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Home 9 Federal employment 9 Legal mistakes that churches and nonprofits make

Legal mistakes that churches and nonprofits make

by | Oct 5, 2022 | Federal employment

If you run a nonprofit or a church, or if you’re starting one, you certainly don’t want to make serious legal mistakes. This could be enough to ruin the entire enterprise or you could face fines and other ramifications.

To help, here are five different mistakes that are commonly cited by those in this industry. Learning from these errors in advance can help you avoid them in the future.

Assuming they are tax exempt

Being tax exempt does not necessarily apply to all nonprofits. Some businesses are, while others are not. The IRS has an internal code with qualifications that a business has to meet. Even a nonprofit has to meet this code to be tax exempt. The board or the owner should never assume they have this status.

Assuming lack of regulation

Similarly, when a business is tax exempt, owners sometimes think they’ll face less regulations. They seem themselves as operating more independently than for-profit companies. But the truth is that they may face more regulations because the government is working to ensure that no exploitation or fraud is taking place.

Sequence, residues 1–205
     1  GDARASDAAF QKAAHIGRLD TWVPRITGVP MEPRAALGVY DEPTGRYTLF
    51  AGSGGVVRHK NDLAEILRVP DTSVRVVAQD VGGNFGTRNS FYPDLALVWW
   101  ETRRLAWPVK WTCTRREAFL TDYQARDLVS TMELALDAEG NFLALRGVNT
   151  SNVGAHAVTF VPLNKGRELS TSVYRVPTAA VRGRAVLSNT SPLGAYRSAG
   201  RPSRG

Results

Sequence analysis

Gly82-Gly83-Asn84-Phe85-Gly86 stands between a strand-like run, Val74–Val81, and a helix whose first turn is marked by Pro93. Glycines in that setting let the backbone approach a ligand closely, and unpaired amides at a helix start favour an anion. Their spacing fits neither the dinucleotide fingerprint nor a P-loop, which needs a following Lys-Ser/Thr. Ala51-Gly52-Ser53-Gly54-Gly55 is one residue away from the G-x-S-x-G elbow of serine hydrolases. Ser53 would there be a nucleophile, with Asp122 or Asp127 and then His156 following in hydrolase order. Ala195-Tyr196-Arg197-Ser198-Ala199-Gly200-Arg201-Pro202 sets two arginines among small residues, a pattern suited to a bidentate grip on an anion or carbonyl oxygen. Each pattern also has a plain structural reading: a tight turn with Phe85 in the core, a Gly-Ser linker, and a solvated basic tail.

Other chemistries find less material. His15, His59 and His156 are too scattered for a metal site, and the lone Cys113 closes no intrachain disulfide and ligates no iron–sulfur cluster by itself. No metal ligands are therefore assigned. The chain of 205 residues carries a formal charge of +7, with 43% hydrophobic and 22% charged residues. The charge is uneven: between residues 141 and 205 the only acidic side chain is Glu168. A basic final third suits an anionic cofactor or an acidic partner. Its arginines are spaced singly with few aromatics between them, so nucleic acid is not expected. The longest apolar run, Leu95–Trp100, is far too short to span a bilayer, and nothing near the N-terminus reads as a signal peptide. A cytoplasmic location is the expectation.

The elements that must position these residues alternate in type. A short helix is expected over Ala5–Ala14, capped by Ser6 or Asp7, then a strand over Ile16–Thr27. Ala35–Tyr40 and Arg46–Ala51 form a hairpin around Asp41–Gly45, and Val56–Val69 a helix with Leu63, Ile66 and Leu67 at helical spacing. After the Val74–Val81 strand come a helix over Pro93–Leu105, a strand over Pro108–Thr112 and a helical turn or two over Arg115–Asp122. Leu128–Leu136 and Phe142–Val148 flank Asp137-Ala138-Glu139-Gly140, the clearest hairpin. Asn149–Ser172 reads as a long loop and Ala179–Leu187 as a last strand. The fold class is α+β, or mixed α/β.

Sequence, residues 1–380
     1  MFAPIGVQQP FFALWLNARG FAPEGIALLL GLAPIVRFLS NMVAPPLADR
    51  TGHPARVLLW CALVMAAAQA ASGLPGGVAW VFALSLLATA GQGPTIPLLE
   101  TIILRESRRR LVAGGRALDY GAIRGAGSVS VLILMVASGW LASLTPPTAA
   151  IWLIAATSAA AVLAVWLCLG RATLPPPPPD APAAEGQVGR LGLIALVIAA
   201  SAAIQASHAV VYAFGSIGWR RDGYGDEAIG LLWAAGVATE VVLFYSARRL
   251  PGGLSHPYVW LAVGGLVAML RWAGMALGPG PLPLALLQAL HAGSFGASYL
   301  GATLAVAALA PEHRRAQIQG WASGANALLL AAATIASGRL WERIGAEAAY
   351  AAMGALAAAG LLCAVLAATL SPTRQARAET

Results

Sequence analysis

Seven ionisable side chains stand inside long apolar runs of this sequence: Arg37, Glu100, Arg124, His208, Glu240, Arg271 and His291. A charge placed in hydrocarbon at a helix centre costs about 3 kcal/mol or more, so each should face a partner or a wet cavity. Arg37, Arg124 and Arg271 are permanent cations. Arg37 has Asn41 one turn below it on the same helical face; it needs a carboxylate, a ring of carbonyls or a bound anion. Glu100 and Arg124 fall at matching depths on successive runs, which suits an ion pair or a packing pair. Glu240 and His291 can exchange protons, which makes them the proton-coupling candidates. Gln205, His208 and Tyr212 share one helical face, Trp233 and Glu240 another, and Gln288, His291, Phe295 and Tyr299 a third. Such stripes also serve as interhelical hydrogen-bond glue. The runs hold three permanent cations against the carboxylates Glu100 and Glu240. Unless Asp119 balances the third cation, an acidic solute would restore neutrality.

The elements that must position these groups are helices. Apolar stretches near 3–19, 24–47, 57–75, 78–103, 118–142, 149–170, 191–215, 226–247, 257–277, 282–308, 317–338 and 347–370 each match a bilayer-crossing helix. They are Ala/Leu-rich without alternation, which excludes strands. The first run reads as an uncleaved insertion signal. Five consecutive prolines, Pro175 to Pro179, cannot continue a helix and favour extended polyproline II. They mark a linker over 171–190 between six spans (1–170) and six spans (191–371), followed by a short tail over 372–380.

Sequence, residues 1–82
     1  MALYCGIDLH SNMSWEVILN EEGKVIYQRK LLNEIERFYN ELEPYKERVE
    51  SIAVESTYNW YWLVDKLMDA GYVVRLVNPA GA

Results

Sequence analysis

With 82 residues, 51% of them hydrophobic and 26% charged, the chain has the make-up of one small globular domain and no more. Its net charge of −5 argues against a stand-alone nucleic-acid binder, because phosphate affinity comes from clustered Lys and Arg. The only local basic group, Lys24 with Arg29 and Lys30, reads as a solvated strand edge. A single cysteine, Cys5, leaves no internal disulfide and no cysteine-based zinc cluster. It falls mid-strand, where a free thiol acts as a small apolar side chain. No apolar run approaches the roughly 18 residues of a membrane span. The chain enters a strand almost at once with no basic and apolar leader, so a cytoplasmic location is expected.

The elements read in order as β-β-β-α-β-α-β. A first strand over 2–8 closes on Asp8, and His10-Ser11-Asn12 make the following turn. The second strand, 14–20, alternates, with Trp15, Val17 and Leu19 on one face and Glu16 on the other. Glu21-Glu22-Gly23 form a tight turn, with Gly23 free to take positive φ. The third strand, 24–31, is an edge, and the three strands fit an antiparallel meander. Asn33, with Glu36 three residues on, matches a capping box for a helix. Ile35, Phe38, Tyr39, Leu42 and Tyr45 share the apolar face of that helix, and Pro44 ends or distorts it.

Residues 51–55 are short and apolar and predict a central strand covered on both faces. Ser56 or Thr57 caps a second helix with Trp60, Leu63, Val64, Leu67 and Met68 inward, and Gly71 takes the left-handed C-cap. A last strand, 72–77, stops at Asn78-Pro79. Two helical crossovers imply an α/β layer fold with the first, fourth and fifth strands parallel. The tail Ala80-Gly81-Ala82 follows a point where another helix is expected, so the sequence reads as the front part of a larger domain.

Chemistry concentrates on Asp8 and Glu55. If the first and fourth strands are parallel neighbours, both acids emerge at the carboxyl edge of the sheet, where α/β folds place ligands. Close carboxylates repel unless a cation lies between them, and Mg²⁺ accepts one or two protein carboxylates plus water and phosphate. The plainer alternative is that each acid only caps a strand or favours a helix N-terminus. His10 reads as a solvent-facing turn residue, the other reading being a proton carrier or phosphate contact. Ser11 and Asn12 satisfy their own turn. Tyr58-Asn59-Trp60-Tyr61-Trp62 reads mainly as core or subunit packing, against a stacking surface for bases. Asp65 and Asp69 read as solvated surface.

Breaking fundraising laws

Fundraising is critical for many churches and nonprofits, but there are laws at the state, federal and even local level. These have to be followed in order for those financial gifts to be obtained and used legally. If funds are obtained or used in an inappropriate manner, even if it’s not strictly illegal, it can be a PR nightmare.

Breaking their own bylaws

Nonprofits will often set up bylaws and guidelines that they have to follow, perhaps with the help of the board. An example could be requiring a vote for certain decisions. It’s important for these to be followed at all times. Laws cannot be waived or ignored at times and enforced at others.

Never admitting a mistake

When a nonprofit does make a mistake, perhaps the worst thing to do is to try to cover it up or hide it. This could result in more serious allegations. At a time like this, admitting the mistake and moving forward, utilizing all of the legal options at your disposal, is likely the best option.